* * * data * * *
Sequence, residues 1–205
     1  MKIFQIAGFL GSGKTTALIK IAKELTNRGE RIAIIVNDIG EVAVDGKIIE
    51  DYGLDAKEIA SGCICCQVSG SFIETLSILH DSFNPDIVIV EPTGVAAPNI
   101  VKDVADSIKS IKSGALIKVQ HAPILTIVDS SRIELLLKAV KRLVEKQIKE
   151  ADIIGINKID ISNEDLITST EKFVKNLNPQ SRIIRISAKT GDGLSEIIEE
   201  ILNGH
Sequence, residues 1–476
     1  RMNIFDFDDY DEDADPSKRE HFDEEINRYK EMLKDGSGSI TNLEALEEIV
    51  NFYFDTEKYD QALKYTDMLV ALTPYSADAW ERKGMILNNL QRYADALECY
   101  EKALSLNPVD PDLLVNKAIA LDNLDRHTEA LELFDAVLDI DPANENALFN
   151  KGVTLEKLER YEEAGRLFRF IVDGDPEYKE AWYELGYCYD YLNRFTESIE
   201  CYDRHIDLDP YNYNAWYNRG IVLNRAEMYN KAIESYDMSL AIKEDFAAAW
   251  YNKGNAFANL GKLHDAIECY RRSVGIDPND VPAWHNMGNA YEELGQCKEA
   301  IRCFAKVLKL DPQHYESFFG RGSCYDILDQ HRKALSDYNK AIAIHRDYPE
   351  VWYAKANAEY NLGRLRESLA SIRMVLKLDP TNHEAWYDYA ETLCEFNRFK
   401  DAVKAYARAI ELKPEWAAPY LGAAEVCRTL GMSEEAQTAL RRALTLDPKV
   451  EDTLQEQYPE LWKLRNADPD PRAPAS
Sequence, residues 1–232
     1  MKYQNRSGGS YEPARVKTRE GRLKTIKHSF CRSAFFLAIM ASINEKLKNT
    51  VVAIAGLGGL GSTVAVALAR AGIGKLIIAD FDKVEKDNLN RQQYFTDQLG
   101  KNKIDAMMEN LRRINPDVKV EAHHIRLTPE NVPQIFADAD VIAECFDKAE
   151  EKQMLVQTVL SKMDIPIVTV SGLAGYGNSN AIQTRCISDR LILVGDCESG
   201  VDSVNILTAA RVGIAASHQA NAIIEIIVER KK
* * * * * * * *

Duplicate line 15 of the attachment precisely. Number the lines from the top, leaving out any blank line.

   351  VWYAKANAEY NLGRLRESLA SIRMVLKLDP TNHEAWYDYA ETLCEFNRFK